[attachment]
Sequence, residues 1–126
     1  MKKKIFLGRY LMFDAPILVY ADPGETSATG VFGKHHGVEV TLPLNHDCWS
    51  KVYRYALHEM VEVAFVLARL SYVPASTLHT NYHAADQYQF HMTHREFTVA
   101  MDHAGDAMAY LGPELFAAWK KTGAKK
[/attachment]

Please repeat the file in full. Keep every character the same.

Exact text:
Sequence, residues 1–126
     1  MKKKIFLGRY LMFDAPILVY ADPGETSATG VFGKHHGVEV TLPLNHDCWS
    51  KVYRYALHEM VEVAFVLARL SYVPASTLHT NYHAADQYQF HMTHREFTVA
   101  MDHAGDAMAY LGPELFAAWK KTGAKK